News


Measure to limit office growth qualifies for November election

Citizens' initiative would cap new office space at 850,000 square feet between 2015 and 2030

A citizens' initiative that would roughly halve the amount of new office space that Palo Alto would allow to be built between now and 2030 has officially garnered enough signatures to land on the November ballot.

The petition, which is being spearheaded by former Vice Mayor Greg Schmid and the residents' group Palo Altans for Sensible Zoning, would amend the city's recently adopted Comprehensive Plan to reduce the citywide cap on new office and research-and-development construction from the current level of 1.7 million square feet to 850,000 square feet between June 2015 and 2030.

Earlier this week, the Santa Clara County Registrar of Voters confirmed that the petition has at least 2,430 valid signatures, surpassing the 2,407 needed. The City Council is scheduled to discuss the initiative Monday and consider two options: adopt the measure as an ordinance or send it to the voters.

Proponents of the initiative have argued that the city's existing limit of 1.7 million needs to be reduced to prevent excessive growth. The initiative cites recent citizen surveys that have showed increasing concerns about traffic congestion and parking. In the most recent National Citizen Survey, which the council reviewed in January, only 32 percent of the respondents gave the city positive reviews when asked about "traffic flow on major streets," while 33 percent did so when asked about "ease of public parking."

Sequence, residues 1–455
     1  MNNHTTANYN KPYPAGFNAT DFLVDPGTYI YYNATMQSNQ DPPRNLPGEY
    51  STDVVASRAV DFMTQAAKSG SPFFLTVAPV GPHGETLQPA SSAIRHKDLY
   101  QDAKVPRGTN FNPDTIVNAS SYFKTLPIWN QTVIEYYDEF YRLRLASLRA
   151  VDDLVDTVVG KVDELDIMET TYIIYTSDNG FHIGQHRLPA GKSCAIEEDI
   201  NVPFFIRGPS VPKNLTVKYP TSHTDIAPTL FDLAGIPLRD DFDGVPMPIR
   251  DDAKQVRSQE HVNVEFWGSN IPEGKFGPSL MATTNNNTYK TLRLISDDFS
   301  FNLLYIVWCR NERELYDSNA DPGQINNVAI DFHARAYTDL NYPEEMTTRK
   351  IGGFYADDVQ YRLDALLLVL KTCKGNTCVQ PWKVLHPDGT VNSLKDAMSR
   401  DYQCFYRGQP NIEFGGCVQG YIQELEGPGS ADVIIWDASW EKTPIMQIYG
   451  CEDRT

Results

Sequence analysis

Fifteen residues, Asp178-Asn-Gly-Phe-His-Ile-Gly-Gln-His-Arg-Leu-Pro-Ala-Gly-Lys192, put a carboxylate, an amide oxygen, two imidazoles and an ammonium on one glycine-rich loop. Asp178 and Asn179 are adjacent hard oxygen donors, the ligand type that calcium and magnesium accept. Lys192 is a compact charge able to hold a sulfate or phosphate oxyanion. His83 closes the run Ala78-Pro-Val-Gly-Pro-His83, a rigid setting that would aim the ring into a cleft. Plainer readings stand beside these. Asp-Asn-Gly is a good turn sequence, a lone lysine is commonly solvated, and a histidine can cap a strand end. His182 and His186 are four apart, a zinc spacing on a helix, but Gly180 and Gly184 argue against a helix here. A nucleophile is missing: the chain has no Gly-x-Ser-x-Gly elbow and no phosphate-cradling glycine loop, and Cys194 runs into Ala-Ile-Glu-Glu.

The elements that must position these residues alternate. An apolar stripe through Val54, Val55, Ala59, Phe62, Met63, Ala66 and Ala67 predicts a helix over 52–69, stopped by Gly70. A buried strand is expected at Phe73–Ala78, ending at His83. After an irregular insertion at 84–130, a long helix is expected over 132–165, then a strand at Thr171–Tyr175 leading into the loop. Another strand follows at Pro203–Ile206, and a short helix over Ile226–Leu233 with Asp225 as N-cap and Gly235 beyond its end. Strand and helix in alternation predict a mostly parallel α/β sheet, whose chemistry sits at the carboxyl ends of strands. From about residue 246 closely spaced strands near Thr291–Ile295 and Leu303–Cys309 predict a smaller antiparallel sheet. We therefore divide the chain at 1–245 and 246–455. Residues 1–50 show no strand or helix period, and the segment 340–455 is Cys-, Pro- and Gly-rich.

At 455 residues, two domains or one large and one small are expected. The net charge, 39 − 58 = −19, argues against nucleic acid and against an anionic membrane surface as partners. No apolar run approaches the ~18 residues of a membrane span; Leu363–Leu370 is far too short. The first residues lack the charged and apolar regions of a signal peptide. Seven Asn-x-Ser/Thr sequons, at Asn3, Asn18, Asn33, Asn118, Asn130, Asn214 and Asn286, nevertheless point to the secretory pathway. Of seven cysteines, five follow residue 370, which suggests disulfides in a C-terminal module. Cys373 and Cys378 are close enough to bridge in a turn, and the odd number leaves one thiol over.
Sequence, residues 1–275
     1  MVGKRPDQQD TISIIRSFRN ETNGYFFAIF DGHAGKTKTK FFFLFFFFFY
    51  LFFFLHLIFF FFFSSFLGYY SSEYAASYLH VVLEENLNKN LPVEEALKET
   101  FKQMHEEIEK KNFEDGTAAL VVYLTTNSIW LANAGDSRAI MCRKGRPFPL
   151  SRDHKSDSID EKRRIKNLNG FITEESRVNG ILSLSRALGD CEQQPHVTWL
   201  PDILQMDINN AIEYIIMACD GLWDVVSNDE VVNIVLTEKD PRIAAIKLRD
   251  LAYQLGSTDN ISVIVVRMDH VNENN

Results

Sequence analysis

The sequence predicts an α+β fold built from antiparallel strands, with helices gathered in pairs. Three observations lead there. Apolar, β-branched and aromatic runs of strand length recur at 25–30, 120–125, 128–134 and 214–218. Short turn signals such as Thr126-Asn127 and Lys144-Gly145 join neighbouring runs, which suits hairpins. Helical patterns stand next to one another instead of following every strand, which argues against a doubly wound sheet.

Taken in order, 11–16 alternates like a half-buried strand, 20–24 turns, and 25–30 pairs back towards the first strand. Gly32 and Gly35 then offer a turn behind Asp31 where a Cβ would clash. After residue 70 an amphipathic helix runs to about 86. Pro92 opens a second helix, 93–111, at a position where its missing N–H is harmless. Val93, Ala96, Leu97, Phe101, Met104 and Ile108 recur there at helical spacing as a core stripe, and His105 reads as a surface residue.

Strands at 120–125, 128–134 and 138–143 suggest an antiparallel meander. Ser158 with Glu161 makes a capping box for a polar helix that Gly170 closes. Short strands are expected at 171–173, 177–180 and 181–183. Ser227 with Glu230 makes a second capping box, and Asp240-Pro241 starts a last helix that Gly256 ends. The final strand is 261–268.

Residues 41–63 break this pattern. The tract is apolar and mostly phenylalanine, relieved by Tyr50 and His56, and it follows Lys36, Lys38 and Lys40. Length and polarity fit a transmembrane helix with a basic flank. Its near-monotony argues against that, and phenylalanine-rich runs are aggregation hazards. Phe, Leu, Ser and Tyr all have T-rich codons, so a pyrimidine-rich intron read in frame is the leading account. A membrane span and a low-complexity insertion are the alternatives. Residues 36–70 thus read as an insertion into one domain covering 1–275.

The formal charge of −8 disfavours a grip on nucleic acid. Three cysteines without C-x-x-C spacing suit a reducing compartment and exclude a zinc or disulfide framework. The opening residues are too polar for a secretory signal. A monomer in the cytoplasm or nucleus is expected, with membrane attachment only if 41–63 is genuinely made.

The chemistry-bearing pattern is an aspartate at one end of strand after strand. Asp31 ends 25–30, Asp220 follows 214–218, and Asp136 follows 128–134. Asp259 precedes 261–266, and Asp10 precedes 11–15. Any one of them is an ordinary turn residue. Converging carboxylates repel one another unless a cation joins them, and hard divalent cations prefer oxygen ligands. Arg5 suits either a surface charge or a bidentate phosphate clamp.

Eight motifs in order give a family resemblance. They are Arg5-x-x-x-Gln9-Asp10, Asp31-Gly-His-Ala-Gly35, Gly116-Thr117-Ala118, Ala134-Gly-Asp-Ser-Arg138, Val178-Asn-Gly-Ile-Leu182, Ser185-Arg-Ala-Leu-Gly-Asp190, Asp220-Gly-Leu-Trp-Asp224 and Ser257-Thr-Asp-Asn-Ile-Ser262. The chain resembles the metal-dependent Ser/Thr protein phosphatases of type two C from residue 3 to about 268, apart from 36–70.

The initiative argues that Palo Alto, which already has an estimated three jobs for every employed resident, cannot tolerate any more traffic. Palo Alto, the initiative states, has "one of the highest commuter ratios in the nation for cities with populations of more than 50,000."

"Excessive new office/R&D development in Palo Alto -- as the recently adopted 2030 Comprehensive Plan allows -- will lead to even more jobs, and thus exacerbate traffic congestion and parking shortages in the City," the initiative states.

In introducing the measure, Schmid stressed that the initiative doesn't seek to stop office growth but merely to impose a limit in line with the recent historical average of growth of about 57,000 square feet per year.

"Not only are we not doing a good job with the current growth rate, but people are become more and more aware," Schmid told the Weekly in April.

The citizens' initiative is the latest twist in Palo Alto's ongoing and ever-shifting debate about commercial development. The topic was central during the council's adoption last November of the new Comprehensive Plan, with some council members arguing for stronger restrictions on commercial development.

The argument also came up during the council's April 30 debate over the annual office cap, which limits development in downtown, around California Avenue and along El Camino Real to 50,000 square feet per year. Last month, the council changed the cap to allow developers to "roll over" unused square footage during slow years into the next year -- a move that was opposed by the council members who favor slower city growth.